\[ J=\max\left.\{\zeta_{i},i=1,2,3,\ldots,n\}\right. \tag{6} \]
Here, $\zeta_{i}$ is the $i^{th}$ machine’s minimum damping ratio, and n is the number of machines.
Maximization of J
\[ K_{ci}^{min}\leq K_{ci}\leq K_{ci}^{max} \]
\[ T_{1i}^{min}\leq T_{1i}\leq T_{1i}^{max} \]
\[ T_{3i}^{min}\leq T_{3i}\leq T_{3i}^{max} \]
Where, $K_c$, $T_1$ and $T_3$ represent the previously explained PSS parameters. The lower and upper bounds for the gain of the conventional PSS $K_{ci}$ are set at 0 to 50. Further, these bounds are 0 to 1 for the time constants for conventional PSS $T_{1i}$ and $T_{3i}$.
4. African Vulture Optimization Algorithm for Power System Stability Enhancement
Abdollahzadeh introduced the AVOA in [41]. It is based on the lifestyle, food search, and competition for food by various vultures in the African continent. A pseudocode of the proposed algorithm is given below:
 Start the algorithm.
 Collect and read the system data, i.e., Line data, bus data, and generator constants.
 Initialize the control parameters of the algorithm, i.e., population size, maximum number of iterations, and boundary conditions.
 Run the load flow analysis for the system using Newton Raphson's method with system uncertainties and set the initial condition.
 Generate the initial population of the solution randomly within the search space.
 Initialize the population matrix for the search agents and check for the inequality constraints.
 Update the population matrix for an individual search agent in case of boundary violation.
 Update the positions of vulture groups with the bestachieved values.
 Evaluate objective function and identify the best solution.
 Update the solution following updating the equation.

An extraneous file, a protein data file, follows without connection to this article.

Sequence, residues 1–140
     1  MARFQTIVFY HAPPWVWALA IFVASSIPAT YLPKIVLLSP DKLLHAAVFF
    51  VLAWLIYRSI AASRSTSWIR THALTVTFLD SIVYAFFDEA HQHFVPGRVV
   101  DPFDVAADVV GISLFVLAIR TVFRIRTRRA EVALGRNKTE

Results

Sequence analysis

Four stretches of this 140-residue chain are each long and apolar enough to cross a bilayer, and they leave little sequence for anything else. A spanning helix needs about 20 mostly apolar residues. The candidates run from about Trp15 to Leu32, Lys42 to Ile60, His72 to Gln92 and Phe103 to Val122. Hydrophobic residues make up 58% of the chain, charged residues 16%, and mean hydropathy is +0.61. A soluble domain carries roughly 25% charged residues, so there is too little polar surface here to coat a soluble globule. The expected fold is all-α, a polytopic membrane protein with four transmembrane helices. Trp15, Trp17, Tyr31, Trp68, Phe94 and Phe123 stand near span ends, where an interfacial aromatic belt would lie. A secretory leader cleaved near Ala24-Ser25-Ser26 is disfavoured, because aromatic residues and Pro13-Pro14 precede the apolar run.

Select the better solutions to take part in the next iteration.
 Go to steps 59 until any termination criterion is met.
 END.
It is necessary to collect system data and control parameters to initiate the power system stability process. Following the initialization of system parameters, apply AVOA and the damping coefficients. Then, it searches for the best convergence by adjusting the parameter value. Upon achieving optimized convergence, implement damping enhancement and test the system stability.
5. Simulation Results and Discussion
A MATLABbased simulation of the linear model of an IEEE39 bus tenmachine system and a twoarea fourmachine system is used to test the efficiency of the AVOA in MMPS networks. The AVOAoptimized PSS simulation results are compared with the other PSS, based on PSO, BSA, DA, and conventional PSS or without conventional PSS. All the parameter values are the same. For each generator, the problem dimension is 5, the size of the population is 100, and the maximum iteration is 1000. In the reset block, $T_w$ is set to 10 s. This paper optimizes $K_{ci}$, $T_{1i}$, and $T_{3i}$ using AVOA. The limit for $K_{ci}$ is set as [0.0 to 50.0], while the limits for $T_{1i}$, $T_{2i}$, $T_{3i}$, and $T_{4i}$ are set as [0.01 to 1.00]. This technique successfully enhanced the damping of lowfrequency oscillations (LFO) in the multimachine network. The performance of the proposed method responded more quickly under small or large disturbances and made the system stable early. Moreover, this technique gave a larger minimum damping ratio than other reputed techniques. The proposed AVOA algorithm improves the stable capability of the system with fast convergence.
5.1 Network 1: TwoArea FourMachine Network
Figure 2 represents the test network1 (twoarea fourmachine). Ref. [8] provides more information about the network data. It consists of eleven buses and two regions linked by a weakened link between buses 7 and 9. At buses 7 and 9, two loads are applied to the system. Two shunt capacitors are additionally equipped at buses 7 and 9. The main frequency of the system is 60 Hz. A weak connection in this system links two comparable regions. Each section has two generators with a 20 kV and a 900 MVA rating. For a particular base case [8], the AVOA technique is employed to optimize three parameters: $K_{ci}$, $T_{1i}$, and $T_{3i}$. $T_{2i}$ and $T_{4i}$ are both set to 0.0500. Different optimization techniques are applied to test this MMPS network, and the resulting damping ratios are provided in [24]. Table 1 displays the optimized parameter values.